St Anne’s Community Services – Leeds DCA 2 is registered to provide personal care to people in their own home and in supported living services and at the time of our inspection provided personal care in ten supported living environment services. They provided a service to 23 people.

There was a registered manager in post. A registered manager is a person who has registered with the Care Quality Commission to manage the service. Like registered providers they are ‘registered persons’. Registered persons have legal responsibility for meeting the requirements in the Health and Social Care Act and associated Regulations about how the service is run. The registered manager did not however, have overall management responsibility for all the supported living services.

We found people were not always protected against the risks associated with medicines because the provider did not have appropriate arrangements in place to manage medicines.. You can see the action we have told the provider to take at the end of this report.

Overall, there were effective systems in place to ensure people’s safety and manage risks to people who used the service. Staff could describe the procedures in place to safeguard people from abuse and unnecessary harm. Recruitment practices were robust and thorough.

People who used the service told us they were happy living at the service. They said they felt safe and staff treated them well. We saw care practices were good. There were enough staff to keep people safe and staff training provided staff with the knowledge and skills to support people safely.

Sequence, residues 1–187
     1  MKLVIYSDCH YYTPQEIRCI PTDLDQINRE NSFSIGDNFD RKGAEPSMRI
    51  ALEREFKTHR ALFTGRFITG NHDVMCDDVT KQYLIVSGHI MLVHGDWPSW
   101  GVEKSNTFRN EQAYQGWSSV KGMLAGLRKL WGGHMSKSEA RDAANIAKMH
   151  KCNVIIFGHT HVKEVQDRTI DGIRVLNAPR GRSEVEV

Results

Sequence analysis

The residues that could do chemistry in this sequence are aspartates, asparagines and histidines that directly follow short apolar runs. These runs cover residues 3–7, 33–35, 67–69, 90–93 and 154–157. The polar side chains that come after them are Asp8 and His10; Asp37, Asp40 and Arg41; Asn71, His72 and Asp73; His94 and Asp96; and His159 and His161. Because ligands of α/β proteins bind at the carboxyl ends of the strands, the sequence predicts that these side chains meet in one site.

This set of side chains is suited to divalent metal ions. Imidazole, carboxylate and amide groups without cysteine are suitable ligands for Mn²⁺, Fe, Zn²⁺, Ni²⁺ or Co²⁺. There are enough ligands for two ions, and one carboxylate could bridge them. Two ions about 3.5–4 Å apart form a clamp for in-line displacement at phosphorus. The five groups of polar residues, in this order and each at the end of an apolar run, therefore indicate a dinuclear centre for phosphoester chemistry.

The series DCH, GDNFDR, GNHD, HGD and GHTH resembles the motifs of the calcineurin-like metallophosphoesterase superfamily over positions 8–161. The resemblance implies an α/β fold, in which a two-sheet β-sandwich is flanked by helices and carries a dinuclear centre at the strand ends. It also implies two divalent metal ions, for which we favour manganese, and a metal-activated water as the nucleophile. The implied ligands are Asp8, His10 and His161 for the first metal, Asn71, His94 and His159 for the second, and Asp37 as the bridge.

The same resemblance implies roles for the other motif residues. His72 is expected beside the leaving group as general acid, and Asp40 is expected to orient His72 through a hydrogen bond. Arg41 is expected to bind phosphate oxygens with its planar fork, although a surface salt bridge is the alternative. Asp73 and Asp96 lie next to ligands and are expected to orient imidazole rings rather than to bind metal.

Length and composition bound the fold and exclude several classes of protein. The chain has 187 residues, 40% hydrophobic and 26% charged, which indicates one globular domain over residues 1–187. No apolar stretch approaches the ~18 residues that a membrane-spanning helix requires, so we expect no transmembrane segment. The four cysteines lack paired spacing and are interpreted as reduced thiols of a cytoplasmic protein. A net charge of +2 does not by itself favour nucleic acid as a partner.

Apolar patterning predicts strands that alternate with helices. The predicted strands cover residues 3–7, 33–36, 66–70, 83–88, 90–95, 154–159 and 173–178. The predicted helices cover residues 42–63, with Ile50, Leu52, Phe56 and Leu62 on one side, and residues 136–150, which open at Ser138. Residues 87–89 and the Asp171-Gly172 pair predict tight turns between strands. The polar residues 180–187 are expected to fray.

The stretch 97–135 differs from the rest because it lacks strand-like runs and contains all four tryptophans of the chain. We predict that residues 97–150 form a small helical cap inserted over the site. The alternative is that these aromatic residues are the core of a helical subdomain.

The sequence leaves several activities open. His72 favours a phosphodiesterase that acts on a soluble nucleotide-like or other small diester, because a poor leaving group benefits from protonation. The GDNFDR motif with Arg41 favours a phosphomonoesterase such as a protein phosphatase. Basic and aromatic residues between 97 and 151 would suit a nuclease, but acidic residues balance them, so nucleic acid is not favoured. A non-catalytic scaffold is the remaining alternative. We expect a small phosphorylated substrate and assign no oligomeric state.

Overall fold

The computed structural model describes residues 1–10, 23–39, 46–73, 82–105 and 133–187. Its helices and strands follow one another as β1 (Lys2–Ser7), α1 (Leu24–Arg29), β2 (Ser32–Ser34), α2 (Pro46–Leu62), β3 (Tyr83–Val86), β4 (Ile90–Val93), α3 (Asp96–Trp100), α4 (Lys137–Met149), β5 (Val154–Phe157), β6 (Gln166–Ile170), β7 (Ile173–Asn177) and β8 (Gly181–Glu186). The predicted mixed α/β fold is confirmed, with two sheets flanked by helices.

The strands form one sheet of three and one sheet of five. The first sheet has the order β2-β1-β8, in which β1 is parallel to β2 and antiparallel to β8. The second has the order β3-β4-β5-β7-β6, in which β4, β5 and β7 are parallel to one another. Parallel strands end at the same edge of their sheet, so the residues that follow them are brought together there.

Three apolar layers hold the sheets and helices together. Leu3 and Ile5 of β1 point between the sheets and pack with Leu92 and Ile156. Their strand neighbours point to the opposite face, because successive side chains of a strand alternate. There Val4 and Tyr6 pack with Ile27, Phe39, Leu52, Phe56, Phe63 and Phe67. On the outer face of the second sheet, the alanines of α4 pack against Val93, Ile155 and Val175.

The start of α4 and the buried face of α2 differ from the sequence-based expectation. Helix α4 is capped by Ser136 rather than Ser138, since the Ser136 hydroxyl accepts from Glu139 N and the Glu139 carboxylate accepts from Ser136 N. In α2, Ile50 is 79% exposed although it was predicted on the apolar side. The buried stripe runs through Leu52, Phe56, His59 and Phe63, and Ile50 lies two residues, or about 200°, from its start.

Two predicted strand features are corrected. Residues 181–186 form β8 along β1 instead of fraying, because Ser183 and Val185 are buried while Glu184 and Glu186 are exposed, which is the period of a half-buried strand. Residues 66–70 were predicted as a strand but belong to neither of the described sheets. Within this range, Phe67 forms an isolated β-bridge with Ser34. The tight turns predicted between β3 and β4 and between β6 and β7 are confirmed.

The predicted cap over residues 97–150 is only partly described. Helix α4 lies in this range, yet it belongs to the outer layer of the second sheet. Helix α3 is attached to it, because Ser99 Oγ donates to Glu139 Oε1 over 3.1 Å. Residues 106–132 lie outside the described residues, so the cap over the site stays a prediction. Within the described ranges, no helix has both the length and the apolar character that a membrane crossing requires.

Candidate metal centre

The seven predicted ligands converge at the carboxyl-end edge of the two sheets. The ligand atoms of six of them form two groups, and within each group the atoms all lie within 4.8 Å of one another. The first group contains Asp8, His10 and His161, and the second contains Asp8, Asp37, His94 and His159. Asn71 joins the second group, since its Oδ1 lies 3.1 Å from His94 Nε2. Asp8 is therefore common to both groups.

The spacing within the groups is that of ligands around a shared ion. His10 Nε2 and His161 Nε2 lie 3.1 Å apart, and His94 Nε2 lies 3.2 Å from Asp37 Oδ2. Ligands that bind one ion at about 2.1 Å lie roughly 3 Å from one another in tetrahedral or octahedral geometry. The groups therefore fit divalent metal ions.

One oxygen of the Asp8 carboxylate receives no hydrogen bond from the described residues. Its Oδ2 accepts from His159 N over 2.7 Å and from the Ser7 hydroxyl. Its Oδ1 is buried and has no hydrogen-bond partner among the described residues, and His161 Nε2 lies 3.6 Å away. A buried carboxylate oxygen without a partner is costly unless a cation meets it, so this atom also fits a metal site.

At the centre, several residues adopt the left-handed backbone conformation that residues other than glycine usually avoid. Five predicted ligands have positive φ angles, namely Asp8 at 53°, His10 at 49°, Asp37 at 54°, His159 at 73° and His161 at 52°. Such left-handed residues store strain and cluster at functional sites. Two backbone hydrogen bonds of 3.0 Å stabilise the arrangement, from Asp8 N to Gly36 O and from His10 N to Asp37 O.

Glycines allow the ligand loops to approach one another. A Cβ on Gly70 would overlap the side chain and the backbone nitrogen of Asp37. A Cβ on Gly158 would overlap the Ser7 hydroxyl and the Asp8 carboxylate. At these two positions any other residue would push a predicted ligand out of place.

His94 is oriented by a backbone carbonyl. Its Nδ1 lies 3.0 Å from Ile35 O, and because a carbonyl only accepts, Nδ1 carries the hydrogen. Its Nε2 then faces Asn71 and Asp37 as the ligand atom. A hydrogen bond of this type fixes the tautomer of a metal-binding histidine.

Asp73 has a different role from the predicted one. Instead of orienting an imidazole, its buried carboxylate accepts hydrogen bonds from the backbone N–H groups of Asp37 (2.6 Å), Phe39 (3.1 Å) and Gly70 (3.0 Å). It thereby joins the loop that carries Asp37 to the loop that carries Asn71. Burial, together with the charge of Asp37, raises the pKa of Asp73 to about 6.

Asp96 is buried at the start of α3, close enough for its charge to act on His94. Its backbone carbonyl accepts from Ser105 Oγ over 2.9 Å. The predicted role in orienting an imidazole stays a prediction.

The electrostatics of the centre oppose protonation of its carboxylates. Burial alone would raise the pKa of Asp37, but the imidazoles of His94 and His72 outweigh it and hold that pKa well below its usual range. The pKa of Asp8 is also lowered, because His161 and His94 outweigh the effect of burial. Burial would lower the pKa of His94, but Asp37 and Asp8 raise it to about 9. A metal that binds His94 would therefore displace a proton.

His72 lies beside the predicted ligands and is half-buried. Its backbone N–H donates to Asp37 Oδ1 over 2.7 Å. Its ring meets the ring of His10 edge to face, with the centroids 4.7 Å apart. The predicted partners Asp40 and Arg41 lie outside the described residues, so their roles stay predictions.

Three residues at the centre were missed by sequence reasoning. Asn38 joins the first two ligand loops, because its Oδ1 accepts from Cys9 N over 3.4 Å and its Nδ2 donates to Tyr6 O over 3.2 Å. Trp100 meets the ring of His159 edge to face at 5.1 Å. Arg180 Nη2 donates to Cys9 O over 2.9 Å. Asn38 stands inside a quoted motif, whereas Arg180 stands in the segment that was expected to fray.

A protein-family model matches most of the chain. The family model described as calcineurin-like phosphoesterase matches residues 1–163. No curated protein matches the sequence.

Staff were trained in the principles of the Mental Capacity Act (2005), and could describe how people were supported to make decisions to enhance their capacity and where people did not have the capacity; decisions were made in their best interests.

Health, care and support needs were assessed and met by regular contact with health professionals. People were supported by staff who treated them with kindness and were respectful of their privacy and dignity.

People participated in a range of activities both in their home and in the community. People were able to choose where and how they spent their time. People spoke positively about the support they received to ensure their dietary needs were met.

Staff were aware of how to support people to raise concerns and complaints and we saw the provider learnt from complaints and suggestions and made improvements to the service.

Systems were in place to monitor the quality and safety of service provision; however, records of all audits and checks that we were told took place were not available at the time of the inspection.